True romance is always an adventure...


Tanner watched Bethany walk away for the second time that day, too dumbfounded to speak. She wasn’t the first person to ask about his law enforcement gear, yet her asking it had actually aroused him.

Get a grip, Montgomery.

Bethany crossed the yard to one of the empty picnic tables beneath a giant oak. The same sprawling oak they used to climb as children. But she wasn’t a child any longer. She was a woman.

All woman.

"Close your mouth, honey, before you swallow a fly," his mother warned with a grin as she stepped up to the food table beside him.

He managed to do that much, but couldn’t take his eyes from Bethany Warner’s long, honey blonde curls and shapely curves. Man o’ man.

"Stop ogling, Tanner."

He turned to his mother with a scowl. "I wasn’t ogling anyone."

"Oh, is that so?" His mother crossed her arms and arched a thin, dark brow. "Is that why half the food from your plate is lying on my brand new checkered tablecloth?"

He looked down. Sure enough, all the food on his plate had slid to one side, half of it lying in a pile on the covered picnic table in front of him.

"Cheap plates," Tanner muttered and began cleaning up the mess he’d made while ‘ogling’ Bethany.

His mother looked toward her guest of honor. "Can’t say as though I blame you for being a little distracted. Bethany’s really filled out since we saw her last." She leaned over to whisper in his ear. "And in all the right places, too. Don’t you think?"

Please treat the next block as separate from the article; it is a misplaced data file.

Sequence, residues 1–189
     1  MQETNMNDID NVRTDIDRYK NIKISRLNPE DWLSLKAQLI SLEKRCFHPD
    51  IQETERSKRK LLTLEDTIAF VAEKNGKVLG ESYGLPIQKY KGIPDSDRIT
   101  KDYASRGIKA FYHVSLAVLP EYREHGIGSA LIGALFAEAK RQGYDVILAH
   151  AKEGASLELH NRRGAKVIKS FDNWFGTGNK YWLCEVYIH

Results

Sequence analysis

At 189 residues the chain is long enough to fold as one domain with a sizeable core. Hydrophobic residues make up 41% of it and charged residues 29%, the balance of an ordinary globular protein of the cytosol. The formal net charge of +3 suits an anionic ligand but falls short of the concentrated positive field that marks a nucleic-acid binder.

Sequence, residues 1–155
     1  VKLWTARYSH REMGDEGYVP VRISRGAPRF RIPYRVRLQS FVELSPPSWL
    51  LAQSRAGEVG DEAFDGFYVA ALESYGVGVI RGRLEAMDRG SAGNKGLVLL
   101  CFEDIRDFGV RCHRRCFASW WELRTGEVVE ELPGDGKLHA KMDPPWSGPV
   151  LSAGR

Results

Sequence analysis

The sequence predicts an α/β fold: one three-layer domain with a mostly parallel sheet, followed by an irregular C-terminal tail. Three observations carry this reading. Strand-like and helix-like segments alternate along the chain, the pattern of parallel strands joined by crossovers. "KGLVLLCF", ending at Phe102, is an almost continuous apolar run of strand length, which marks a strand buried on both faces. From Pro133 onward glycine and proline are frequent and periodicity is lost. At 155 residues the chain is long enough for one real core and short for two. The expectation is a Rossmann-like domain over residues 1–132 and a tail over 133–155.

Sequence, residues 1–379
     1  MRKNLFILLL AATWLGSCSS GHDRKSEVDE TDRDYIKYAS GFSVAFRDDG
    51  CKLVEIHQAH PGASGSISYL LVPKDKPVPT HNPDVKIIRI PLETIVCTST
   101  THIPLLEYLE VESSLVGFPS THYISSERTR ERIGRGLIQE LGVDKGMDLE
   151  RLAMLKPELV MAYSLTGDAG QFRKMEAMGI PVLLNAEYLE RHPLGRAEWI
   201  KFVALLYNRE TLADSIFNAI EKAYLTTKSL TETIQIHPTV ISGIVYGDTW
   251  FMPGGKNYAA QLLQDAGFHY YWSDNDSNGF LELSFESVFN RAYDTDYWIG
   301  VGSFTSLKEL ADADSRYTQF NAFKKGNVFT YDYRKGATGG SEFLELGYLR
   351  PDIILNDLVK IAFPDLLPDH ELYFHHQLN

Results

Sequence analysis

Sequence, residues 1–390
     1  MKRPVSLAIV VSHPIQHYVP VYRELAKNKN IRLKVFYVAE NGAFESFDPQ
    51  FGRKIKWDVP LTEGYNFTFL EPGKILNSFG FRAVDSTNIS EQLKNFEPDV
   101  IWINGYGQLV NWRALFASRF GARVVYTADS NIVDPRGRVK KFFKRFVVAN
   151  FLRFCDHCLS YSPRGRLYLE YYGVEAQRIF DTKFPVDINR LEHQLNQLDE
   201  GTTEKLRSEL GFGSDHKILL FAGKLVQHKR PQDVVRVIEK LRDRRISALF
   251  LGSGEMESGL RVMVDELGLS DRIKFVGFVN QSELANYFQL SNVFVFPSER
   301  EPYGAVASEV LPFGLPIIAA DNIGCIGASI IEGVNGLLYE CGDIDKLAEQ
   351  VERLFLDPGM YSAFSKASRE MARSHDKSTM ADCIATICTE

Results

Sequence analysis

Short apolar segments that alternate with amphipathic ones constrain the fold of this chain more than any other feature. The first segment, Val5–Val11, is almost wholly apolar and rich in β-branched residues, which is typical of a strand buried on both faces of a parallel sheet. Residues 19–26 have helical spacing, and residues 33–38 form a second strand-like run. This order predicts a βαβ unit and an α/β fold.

"Have I entered the Twilight Zone?" he snapped as he scooped the food back onto his plate. "First, Bethany returns in someone else’s body and starts asking me about my handcuffs, and then you-"

"She asked about your handcuffs?" his mother exclaimed, cutting him off.

"Forget I said that."

His mother clapped her hands together. "Ooh, she’s still got a thing for you, honey! I knew it. How could she not? I mean look at you. Although, I wouldn’t have expected her to be a handcuff kind of girl. Not that that’s a bad thing, mind you−"

"Momma," Tanner groaned with a roll of his eyes. "This is not something you and I should be standing here discussing."

He wiped the mess off the table onto his plate and then tossed it into the makeshift garbage can that sat a few feet away.

"If your father were here-"

"Well, he’s not," he snapped, his jaw tensing.

Even after so many years, anger surged inside of him at the injustice of it all. Shot by some two-bit crook he’d pulled over for running a red light, one who had just finished serving time in a Dallas prison for auto theft, his father’s death had nearly devastated Tanner’s family, both financially and emotionally.

"I’ve gotta get going." He grabbed another napkin and wiped his hands off.

"But you haven’t even eaten. Fix yourself another plate."

"I’m not hungry."

"What about Bethany?"

"What about her?"

"You can’t leave yet. The two of you haven’t even had a chance to visit yet."

"We’ll catch up some other time." He dug his keys from his pants pocket and clutched them in his hand. "I’m still on duty. I have work to do."

She gave him the look. "But what will I tell her when she asks why you left?"

"Tell her I got a call." He needed to get out of there. Away from Bethany and the powerful effect she was having on his senses. Away from the yard filled with people.

Away from the memories.

"But that would be a lie."

"Then tell her I’m going home to take a cold shower in her honor!"

The busy chatter around him ceased. Tanner muttered a curse. Now he’d done it. Slowly, he lifted his gaze to find everyone staring at him, Bethany included. Only Bethany didn’t appear confused by his sudden outburst, she looked pleased. Then came the straw that broke the camel’s back...she winked at him.


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